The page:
This is an article that was originally written for EAUC-Scotland. Accompanying video is available here: https://www.eauc.org.uk/what_is_divestment
What is Divestment?
Divesting is selling off of assets, e.g shares. Typically used in the context of selling of assets that are deemed immoral such as fossil fuels or weapons.
What is the purpose?
Divesting is primarily a way for an organization to distance itself from actions it deems undesirable. The aim is to removal the social license that industries possess in order to drive investment and subsides away from them. Divestment is not about damaging a company economically. The direct impact of divesting is minimal, the aim is to stigmatise and highlight your principles.
How does owning shares have an impact?
The impact will depend on the way the shares were bought to begin with, whether they were/are being bought on the primary or secondary market.
Primary Markets: Buying shares directly from the selling company and thus giving money to them.
Secondary Markets: Buying shares on the stock market which are being sold by individuals. This is what the majority of trades are. On the secondary market the same shares are sold, bought and resold by many people as ownership is passed around (like buying a secondhand car).
Buying shares on the primary market is unusual as new shares are not released often so the majority of sales are secondary whereby the original issuer does not receive any money.
Example: How does that work?
A fossil fuel company puts 1 million shares on the primary market (where you buy direct from the company) which are bought by a bank. The company make £500 million on the sale and goes and builds an oil pipeline with the money (shares sales to raise capital).
A year later the bank then decide they don’t want the shares and sell them. A university buys them and pays the bank for them. (Secondary sale). The fossil fuel company gets nothing in this sale.
The university now own 1 million shares in the fossil fuel company but hasn’t given them any money. However, they are taking money from the company in the form of dividends and may be criticised for supporting their operations. The bank who did finance them directly have now divested and so are praised (despite primarily funding them in the first place).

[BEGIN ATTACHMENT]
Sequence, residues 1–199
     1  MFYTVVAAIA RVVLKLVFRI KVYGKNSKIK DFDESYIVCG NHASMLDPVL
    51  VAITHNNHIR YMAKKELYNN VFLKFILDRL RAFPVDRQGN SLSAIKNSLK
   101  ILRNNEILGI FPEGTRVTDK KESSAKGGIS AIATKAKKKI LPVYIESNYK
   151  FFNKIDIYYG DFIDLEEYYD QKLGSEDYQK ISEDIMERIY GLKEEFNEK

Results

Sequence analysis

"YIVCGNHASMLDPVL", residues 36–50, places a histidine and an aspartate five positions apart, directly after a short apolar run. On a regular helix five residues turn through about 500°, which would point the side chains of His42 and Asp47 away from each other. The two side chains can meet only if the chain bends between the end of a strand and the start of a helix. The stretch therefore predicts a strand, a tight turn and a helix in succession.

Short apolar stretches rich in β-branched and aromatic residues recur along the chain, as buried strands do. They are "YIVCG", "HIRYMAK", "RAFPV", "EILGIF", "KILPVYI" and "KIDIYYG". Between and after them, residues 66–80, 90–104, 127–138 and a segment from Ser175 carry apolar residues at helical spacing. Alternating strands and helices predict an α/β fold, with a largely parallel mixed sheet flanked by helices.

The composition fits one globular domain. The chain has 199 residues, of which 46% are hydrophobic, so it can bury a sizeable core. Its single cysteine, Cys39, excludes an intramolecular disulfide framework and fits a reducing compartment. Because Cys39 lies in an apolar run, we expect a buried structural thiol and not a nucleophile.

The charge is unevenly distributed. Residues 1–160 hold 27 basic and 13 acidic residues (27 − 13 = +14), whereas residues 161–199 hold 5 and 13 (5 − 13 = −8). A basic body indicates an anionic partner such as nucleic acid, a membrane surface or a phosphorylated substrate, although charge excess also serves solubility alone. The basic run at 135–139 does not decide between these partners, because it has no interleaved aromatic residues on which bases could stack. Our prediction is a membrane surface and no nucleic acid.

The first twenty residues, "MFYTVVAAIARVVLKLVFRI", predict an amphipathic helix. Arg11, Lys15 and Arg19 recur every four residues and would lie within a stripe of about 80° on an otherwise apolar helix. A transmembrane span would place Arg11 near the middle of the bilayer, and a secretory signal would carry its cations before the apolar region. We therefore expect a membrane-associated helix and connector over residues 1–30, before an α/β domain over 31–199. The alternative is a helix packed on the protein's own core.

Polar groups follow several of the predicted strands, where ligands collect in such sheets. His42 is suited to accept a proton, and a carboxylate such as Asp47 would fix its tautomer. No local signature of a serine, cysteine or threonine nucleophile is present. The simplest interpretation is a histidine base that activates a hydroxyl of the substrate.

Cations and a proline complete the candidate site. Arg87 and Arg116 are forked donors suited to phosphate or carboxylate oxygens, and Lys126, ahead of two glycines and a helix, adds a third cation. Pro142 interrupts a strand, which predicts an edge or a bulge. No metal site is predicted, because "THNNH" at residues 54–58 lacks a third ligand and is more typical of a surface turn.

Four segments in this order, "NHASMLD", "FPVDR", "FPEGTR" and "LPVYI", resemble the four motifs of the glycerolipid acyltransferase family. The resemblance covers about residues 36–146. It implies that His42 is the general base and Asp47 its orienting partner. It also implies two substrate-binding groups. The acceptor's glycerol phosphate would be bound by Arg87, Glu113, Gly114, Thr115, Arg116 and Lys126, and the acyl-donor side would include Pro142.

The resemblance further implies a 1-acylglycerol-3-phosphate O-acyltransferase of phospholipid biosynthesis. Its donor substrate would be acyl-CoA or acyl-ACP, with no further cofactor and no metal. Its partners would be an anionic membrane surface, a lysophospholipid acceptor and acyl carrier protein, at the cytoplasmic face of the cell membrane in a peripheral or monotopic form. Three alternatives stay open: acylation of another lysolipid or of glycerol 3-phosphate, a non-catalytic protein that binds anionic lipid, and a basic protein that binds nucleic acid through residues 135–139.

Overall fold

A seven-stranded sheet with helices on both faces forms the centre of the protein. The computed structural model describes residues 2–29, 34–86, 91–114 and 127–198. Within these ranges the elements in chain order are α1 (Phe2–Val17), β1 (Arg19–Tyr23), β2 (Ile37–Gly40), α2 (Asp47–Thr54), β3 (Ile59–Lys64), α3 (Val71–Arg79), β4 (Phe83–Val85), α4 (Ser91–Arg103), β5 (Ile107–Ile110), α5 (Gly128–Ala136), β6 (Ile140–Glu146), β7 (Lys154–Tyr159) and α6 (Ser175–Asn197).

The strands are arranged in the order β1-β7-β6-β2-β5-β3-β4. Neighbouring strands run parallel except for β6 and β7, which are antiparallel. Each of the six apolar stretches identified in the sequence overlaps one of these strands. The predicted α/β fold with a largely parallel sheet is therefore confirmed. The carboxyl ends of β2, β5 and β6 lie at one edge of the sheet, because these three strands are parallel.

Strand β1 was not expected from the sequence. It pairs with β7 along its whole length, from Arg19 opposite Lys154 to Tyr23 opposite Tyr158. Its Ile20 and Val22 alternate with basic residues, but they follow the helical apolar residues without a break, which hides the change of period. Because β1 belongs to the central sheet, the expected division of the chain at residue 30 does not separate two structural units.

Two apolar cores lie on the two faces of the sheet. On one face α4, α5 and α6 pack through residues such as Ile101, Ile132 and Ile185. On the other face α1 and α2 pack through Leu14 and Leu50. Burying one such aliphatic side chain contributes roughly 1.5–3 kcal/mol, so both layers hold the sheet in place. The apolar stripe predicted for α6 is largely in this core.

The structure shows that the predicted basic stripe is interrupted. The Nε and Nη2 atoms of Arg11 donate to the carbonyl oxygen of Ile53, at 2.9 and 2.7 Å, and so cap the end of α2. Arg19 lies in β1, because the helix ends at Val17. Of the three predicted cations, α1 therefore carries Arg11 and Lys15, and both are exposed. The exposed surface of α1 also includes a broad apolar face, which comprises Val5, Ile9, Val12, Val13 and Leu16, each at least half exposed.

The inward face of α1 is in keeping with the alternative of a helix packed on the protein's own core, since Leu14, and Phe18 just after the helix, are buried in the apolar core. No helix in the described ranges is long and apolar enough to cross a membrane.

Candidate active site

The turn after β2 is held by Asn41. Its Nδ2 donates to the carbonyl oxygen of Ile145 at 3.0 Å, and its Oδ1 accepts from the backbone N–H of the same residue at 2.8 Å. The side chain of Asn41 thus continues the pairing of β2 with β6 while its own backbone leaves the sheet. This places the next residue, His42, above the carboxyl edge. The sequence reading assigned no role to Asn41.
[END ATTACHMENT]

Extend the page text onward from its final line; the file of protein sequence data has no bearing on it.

This leads to the argument that responsible institutions should hold the shares and affect the company from within by voting, calling for change and blocking proposals. This is the way some activist groups like Greenpeace operate. If this is what you choose to do you should be very open about it and be sure to actively use your influence to affect change and call for improvements.
Whilst divestment can have an economic impact in lowering the share price it is extremely small or non-existent in most cases. In addition, selling shares with the intent of lowering the price or damaging the company would be illegal. A quick sell off may also result in a huge loss for the seller if market conditions are not good which is why divestment can take several years.
Lower prices would also mean other investors will buy shares as the share price is not related to the company assets or fundamentals, e.g if the share price drops it doesn’t necessarily affect what the company owns or how it operates.
For industries like fossil fuels there are good economic arguments for divesting to prevent “stranded assets” for example owning shares in a coal mine when there is no demand for coal and no one to buy your shares from you meaning you lose your money.
Why is it contentious?
Very few fossil fuel companies are on the stock market, only 10% of the world’s oil comes from Independent Oil Companies (e.g. BP, Shell). The other 90% are from National Oil Companies (see Figure 1). Currently Independent Oil Companies (IOC) face far higher scrutiny and environmental targets than National Oil Companies (NOC) who often have very low standards. As a result the pollution per unit of fuel from an NOC is higher than from an IOC. Some argue that if divestment forces IOCs to diminish it will result in them ceding market share to NOCs, potentially causing a increase in global carbon emissions.
|Figure 1: NOC vs IOC Assets|
What if you divest?
Divesting for moral reasons and doing it publicly will always attract some level of scrutiny which you should be aware of. Everyone has a different idea of what is moral and some may question why you deem a fossil fuel company immoral but not a bank or an airline.
A clearer position to take is to invest for good. Rather than looking to minimize the damage caused by investment, you look to maximise the benefits with who you invest in and select companies who are aiming to have a positive impact. For a holistic overview it is best to check the Environmental, Social and Governance (ESG) score of your investments. This score is calculated by an independent 3rd party organisation whose job it is to research investments and rank them on their ethical and sustainability impacts. Be aware that the same issues of primary and secondary investing still apply but any dividends you receive are at least “guilt free” and you are no longer profiting from dividends from “immoral” industries.
Divesting publicly and loudly does raise awareness of the issue and will catch people’s attention. It is important to stress divestment is about removing the social license to operate and showing that you don’t believe in this particular industry. It is essential that divestment is public and transparent if you are aiming to affect change as selling assets quietly has little direct impact. Divestment often results in a lot of media attention as you publicly move away from an industry so be sure you are prepared for that to happen and are clear about the message you are sending.